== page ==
Grooveshark HTML5 app

Apple and Google may have kicked the official Grooveshark apps out of their respective app stores, but Grooveshark has found another way onto your mobile device. The company has launched an HTML5 app which runs in a web browser but which feels a lot like a native app.

All you have to do is visit html5.grooveshark.com in nearly any web browser (desktop or mobile) to access a new version of the web-based streaming music service optimized for mobile devices.

Grooveshark’s HTML5 app is free to use while in beta, but it doesn’t have all the features you might expect. There’s no opportunity to login with your username and password to access playlists or favorite tracks, for instance

The reason Apple and Google booted the Grooveshark is because it’s not at all clear that the service acquires its music in a legal fashion. Grooveshark has a sort of post music first, acquire the streaming rights later approach and the company has been sued by pretty much every major music label.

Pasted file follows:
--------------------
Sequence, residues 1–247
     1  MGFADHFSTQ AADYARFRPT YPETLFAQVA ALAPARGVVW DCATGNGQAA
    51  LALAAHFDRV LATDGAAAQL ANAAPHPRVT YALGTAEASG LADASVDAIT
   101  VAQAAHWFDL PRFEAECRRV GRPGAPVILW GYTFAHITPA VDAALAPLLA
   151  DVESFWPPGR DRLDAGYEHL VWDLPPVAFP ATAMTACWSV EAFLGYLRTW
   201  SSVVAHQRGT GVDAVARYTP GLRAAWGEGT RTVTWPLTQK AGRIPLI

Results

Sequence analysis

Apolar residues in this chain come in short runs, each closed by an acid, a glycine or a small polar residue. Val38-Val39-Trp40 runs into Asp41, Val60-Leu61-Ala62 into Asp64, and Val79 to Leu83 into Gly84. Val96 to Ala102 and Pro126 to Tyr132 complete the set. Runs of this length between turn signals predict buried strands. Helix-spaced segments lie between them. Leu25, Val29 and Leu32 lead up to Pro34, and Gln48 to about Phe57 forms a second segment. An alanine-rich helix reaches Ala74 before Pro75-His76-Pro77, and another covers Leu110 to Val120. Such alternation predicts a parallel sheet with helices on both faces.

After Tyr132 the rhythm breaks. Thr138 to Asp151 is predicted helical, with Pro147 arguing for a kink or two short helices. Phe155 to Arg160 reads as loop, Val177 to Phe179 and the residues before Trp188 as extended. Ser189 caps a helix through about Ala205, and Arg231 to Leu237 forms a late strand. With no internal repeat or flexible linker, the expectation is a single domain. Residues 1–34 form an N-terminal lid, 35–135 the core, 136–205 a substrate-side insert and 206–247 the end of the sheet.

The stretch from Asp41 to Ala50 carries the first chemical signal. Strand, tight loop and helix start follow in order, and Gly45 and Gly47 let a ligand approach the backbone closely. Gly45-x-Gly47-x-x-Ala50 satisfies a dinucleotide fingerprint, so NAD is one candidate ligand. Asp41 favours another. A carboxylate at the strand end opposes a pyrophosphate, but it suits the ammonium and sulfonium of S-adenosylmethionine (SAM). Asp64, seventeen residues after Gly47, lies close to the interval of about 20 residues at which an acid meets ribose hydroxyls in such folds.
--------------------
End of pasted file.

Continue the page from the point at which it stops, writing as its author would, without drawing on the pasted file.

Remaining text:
While Grooveshark’s future remains unclear, the present is also a little funky. Because the company’s music catalog comes from user subscriptions, Grooveshark often has multiple listings for the same song while many songs that you might expect to find are simply not available. For instance, it’s no uncommon to find just 3 or 4 tracks from an album that has 10 or 12 songs.

Grooveshark’s desktop browser-based service is typically free, but the company charges to use its mobile apps. For the complete experience you can still download the mobile apps — but iOS users will need to have jailbroken devices and Android users will need to be able to install apps from unkown sources, since the app isn’t available from the Android Market

Brad Linder

Brad Linder is editor of Liliputing and Mobiputing.He's been tinkering with mobile tech for decades and writing about it since...